GRACE team awarded prize for satellite mission

December 12, 2007

On the occasion of the current Fall Meeting of the AGU (American Geophysical Union) in San Francisco the German-American GRACE-Team was presented with the William T. Pecora Award. This prize is awarded for extraordinary achievement in better understanding our planet with the aid of remote sensing. It is dedicated in commemoration of the former Director of the U.S. Geological Survey, William T. Pecora.

The GRACE mission (Gravity Recovery and Climate Experiment) was launched in 2002 with the aim of gaining data on climatic processes through high-precision registration of the Earth's gravity field. With GRACE, scientists of GFZ Potsdam (Germany's National Lab for Geosciences, member of the Helmholtz Association) have thus, for the first time, been able to determine globally the water balance of the continents in seasonal change from satellites.

"This award for the GRACE team demonstrates that with innovative satellite missions such as the GRACE satellite tandem, new insights into the System Earth become available to science. And especially in view of the current discussion on the climate change such data provide us with a reliable data base" specifies Professor Dr. Reinhard Hüttl, Scientific Executive Director of the GFZ Potsdam with respect to this award. "I congratulate the GRACE-Team on this well-deserved award."

The satellite tandem GRACE is a joint project of the American Space Agency NASA and the German Aerospace Centre (DLR). The scientific lead of the satellite project at GFZ Potsdam is in the hands of Professor Markus Rothacher, who also is the head of the european science team.The German Space Operations Centre of DLR is responsible for satellite operation and data reception. Mission management is performed by NASA/JPL. The two satellites were manufactured by the company Astrium GmbH in Friedrichshafen. Rocketing the spacecrafts into orbit was performed by the German-Russian enterprise Eurockot
-end-
Pictures of the satellite and of scientific results are found here: http://www.gfz-potsdam.de/news/foto/grace/inhalt.html

Helmholtz Association

Related Climate Change Articles from Brightsurf:

Are climate scientists being too cautious when linking extreme weather to climate change?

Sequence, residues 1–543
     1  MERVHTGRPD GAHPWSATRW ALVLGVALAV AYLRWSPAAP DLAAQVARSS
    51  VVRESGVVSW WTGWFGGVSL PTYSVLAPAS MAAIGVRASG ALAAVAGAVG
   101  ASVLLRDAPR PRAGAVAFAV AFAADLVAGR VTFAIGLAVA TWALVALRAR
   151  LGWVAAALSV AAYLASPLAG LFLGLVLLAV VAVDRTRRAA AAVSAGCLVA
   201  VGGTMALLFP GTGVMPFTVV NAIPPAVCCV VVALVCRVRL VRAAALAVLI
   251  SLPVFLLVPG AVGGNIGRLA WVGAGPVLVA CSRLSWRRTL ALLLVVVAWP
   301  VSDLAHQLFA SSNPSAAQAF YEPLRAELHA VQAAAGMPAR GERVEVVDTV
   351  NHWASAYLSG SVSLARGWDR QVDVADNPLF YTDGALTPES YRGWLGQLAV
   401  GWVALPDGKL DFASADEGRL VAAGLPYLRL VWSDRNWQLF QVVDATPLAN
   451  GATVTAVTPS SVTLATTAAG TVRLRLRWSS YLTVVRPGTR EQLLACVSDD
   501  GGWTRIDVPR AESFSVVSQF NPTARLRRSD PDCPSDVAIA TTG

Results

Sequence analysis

Climate science has focused on avoiding false alarms when linking extreme events to climate change.

Mysterious climate change
New research findings underline the crucial role that sea ice throughout the Southern Ocean played for atmospheric CO2 in times of rapid climate change in the past.

Mapping the path of climate change
Predicting a major transition, such as climate change, is extremely difficult, but the probabilistic framework developed by the authors is the first step in identifying the path between a shift in two environmental states.

Small change for climate change: Time to increase research funding to save the world
A new study shows that there is a huge disproportion in the level of funding for social science research into the greatest challenge in combating global warming -- how to get individuals and societies to overcome ingrained human habits to make the changes necessary to mitigate climate change.

Sub-national 'climate clubs' could offer key to combating climate change
'Climate clubs' offering membership for sub-national states, in addition to just countries, could speed up progress towards a globally harmonized climate change policy, which in turn offers a way to achieve stronger climate policies in all countries.

Review of Chinese atmospheric science research over the past 70 years: Climate and climate change
Over the past 70 years since the foundation of the People's Republic of China, Chinese scientists have made great contributions to various fields in the research of atmospheric sciences, which attracted worldwide attention.

A CERN for climate change
In a Perspective article appearing in this week's Proceedings of the National Academy of Sciences, Tim Palmer (Oxford University), and Bjorn Stevens (Max Planck Society), critically reflect on the present state of Earth system modelling.

Fairy-wrens change breeding habits to cope with climate change
Warmer temperatures linked to climate change are having a big impact on the breeding habits of one of Australia's most recognisable bird species, according to researchers at The Australian National University (ANU).

Believing in climate change doesn't mean you are preparing for climate change, study finds
Notre Dame researchers found that although coastal homeowners may perceive a worsening of climate change-related hazards, these attitudes are largely unrelated to a homeowner's expectations of actual home damage.

Older forests resist change -- climate change, that is
Older forests in eastern North America are less vulnerable to climate change than younger forests, particularly for carbon storage, timber production, and biodiversity, new research finds.

Read More: Climate Change News and Climate Change Current Events
Brightsurf.com is a participant in the Amazon Services LLC Associates Program, an affiliate advertising program designed to provide a means for sites to earn advertising fees by advertising and linking to Amazon.com.